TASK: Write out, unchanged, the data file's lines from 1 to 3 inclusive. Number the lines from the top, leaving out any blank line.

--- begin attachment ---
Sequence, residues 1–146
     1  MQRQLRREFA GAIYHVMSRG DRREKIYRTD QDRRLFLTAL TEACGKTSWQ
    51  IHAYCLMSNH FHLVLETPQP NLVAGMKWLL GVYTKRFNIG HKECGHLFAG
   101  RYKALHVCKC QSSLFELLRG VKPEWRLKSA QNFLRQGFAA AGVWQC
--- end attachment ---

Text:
Sequence, residues 1–146
     1  MQRQLRREFA GAIYHVMSRG DRREKIYRTD QDRRLFLTAL TEACGKTSWQ
    51  IHAYCLMSNH FHLVLETPQP NLVAGMKWLL GVYTKRFNIG HKECGHLFAG